What is the Meaning of This?
Semantics is the key to successful API/AI integration
After 2023, “The Year of AI”, I’d be insulting my valued readers if I claimed that the biggest change in APIs in 2024 will be anything but AI related…. for me the question is how will AI impact APIs? I believe adding semantics (meaning) to APIs is the key to successful API/AI integration.
Disclaimer: None of the content of this post was generated via AI.
Hey! This article is part of #APIFutures, a broad initiative by many creators in the #API space. See API Futures for view many excellent perspectives on what the Future of APIs may hold!
There are three important aspects of the AI/API story to consider. The first is generating APIs with the help of an AI assistant. The second is using an AI assistant to generate client code to consume APIs to solve problems in client applications. The third is AI systems calling APIs directly on behalf of end users.
For all three to succeed, I believe APIs will need to convey semantics — the meaning of the API.
Semantics provide purpose.
That a PUT/PATCH/DELETE returns a 200 or a 204 is an implementation detail that pales in comparison to the function it performs for the client
I - Generating API Definitions
There are a number of excellent explorations of generating API definitions with AI assistants:
Matthew Reinbold has authored several Net API Notes articles:
Bruno Pedro demonstratted API definition, including OpenAPI creation, with chatGPT in a YouTube video
An AI coding assistant (whether it is ChatGPT, Google Bard, Microsoft/GitHub CoPilot or something else) is doing what these LLM-based AI’s do best—working from immense training data, parsing and interpreting natural language prompts, and “generating” text based on patterns gleaned from that data to satisfy the goals of the prompts. This means their output is biased towards the patterns “learned” from that training data. In my experience, the hardest part of API design is not the mechanical process of creating the OpenAPI source, but in interpreting the requirements—from the Product team or from business analysts—using a process similar the Align, Define, Design, Refine (ADDR) process that James Higginbotham outlines in his book, Principles Of Web API Design— and then translating those domain design requirements into code. So unless you are looking for a Pet Store clone, with the resource names changed to match you domain entities, don’t get your hopes up. However, I think that we (as “API prompt engineers”) will soon learn how to best use such tools as coding assistants, even if they are only a few steps above a smart template engine or code snippet manager IDE extension.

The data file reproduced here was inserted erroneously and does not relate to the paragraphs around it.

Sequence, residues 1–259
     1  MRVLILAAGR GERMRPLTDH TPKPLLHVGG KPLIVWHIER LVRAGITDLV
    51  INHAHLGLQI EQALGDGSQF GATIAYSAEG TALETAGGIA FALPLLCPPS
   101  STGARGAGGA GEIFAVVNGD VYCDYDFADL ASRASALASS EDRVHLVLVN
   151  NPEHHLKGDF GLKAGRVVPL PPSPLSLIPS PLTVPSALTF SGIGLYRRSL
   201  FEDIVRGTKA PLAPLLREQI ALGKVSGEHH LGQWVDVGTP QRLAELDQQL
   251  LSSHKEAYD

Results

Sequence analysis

For this aspect of AI/API integration to succeed, several things are necessary:
Better training data. The Large Language Model need much better API definitions (most likely, those coded with the OpenAPI specification). Unfortunately, what is there now is not great - IMHO, Pet Store is a terrible “example” to start from, as it violates so many API design best practices I’ve learned from the experts over the past dozen years. And since so may tutorials and other material use it as an example, lots of APIs (in API catalogs or repositories like GitHub — i.e. the current training data) perpetuate those design flaws, skewing (polluting? corrupting?) the training data. This will likely get worse before it gets better if people start publishing new AI generated API definitions, leading to model collapse.